• There are no existing vaccines for COVID-19. 
  • It’s likely that at some point, widespread transmission of COVID-19 in the United States will occur.
  • The risk of getting COVID-19 on an airplane is extremely low. The CDC writes, “Because of how air circulates and is filtered on airplanes, most viruses and other germs do not spread easily on airplanes. Although the risk of infection on an airplane is low, travelers should try to avoid contact with sick passengers and wash their hands often with soap and water for at least 20 seconds or use hand sanitizer that contain 60%–95% alcohol.”
  • The COVID-19 situation is still unfolding. It may not make sense to change plans for trips scheduled more than 1 month down the road. 
  • As of Feb. 25, the U.S. has 62 confirmed cases of the coronavirus, meaning that exposure to the virus is rapidly becoming inevitable, regardless of whether we choose to travel or not.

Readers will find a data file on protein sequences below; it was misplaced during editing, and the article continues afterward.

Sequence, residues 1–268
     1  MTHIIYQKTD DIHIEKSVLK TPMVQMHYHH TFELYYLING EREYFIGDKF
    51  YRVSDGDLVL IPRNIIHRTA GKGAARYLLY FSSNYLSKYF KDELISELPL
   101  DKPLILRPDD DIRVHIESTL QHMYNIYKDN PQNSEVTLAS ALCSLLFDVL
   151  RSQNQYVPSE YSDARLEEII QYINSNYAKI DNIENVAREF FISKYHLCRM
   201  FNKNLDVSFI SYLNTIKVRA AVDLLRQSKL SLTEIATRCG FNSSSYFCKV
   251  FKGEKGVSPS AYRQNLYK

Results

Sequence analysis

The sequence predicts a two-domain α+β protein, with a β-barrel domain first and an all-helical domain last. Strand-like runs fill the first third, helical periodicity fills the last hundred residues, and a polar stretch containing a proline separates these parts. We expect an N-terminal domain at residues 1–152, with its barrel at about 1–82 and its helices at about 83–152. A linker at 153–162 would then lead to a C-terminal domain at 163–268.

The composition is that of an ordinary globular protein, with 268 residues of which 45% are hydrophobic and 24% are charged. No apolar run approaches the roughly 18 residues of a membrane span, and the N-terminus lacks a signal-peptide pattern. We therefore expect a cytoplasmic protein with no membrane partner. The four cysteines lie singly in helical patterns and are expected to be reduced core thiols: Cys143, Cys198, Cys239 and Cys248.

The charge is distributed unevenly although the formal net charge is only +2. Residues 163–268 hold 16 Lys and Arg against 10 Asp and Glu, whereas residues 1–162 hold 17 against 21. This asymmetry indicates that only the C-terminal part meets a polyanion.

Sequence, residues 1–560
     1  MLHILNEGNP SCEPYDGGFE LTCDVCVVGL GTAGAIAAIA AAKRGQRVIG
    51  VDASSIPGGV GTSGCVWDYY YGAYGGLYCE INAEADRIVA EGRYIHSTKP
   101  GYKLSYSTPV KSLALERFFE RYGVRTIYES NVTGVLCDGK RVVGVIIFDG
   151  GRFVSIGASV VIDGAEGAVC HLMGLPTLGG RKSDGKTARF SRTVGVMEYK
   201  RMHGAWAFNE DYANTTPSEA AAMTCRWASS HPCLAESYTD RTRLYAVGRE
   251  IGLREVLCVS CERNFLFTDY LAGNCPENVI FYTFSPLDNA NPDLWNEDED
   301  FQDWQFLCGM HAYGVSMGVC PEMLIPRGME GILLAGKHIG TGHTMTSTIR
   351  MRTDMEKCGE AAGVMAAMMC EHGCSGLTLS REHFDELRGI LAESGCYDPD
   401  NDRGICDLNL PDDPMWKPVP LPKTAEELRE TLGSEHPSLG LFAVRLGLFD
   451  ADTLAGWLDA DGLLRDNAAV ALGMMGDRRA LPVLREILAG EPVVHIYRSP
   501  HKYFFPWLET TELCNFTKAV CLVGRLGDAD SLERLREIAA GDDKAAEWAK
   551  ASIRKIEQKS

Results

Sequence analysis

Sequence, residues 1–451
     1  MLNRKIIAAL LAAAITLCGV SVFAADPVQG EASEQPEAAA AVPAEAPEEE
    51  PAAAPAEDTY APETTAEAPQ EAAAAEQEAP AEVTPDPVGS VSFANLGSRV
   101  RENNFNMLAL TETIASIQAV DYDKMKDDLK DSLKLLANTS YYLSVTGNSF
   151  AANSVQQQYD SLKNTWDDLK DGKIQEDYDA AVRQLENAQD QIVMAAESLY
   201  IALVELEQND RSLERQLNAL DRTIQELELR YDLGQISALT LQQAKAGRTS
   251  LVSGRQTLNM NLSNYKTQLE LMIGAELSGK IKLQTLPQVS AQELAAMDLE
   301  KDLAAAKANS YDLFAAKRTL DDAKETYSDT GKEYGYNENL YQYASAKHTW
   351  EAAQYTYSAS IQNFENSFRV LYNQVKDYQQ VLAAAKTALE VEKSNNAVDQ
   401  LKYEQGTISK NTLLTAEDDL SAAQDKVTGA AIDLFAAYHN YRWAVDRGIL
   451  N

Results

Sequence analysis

Other worthy articles addressing the coronavirus and travel:

NY Times on Coronavirus – balanced approach
Is there some over reaction on CV?
Chris Mayer shares how CV could affect investment portfolios and looks back at past scares from the past 20 years
Is this a Pandemic
Facts vs Fears from Kaiser
The CDC – Share Facts Stop Fear
Coronavirus Symptoms – What Are They?
How Cancel for Any Reason Travel Insurance Can (and Can’t) Help You

More engagement and clicks equal more revenue for media companies.  Scary news events can often be good for their bottom line.

Our Friendly Advice

We are coaching our travelers to have patience. As new information filters through quality sources over time, we are able to help our passengers make better informed decisions.

Note: this is not legal or medical advice.

What about Cancellations and Refunds?

The airlines are trying to make it easy for you to keep your flights. Airlines don’t want to give refunds or waivers (yet). Their policies are changing daily, airlines are becoming more flexible in order to keep passengers. Waiting is likely to be the smartest move.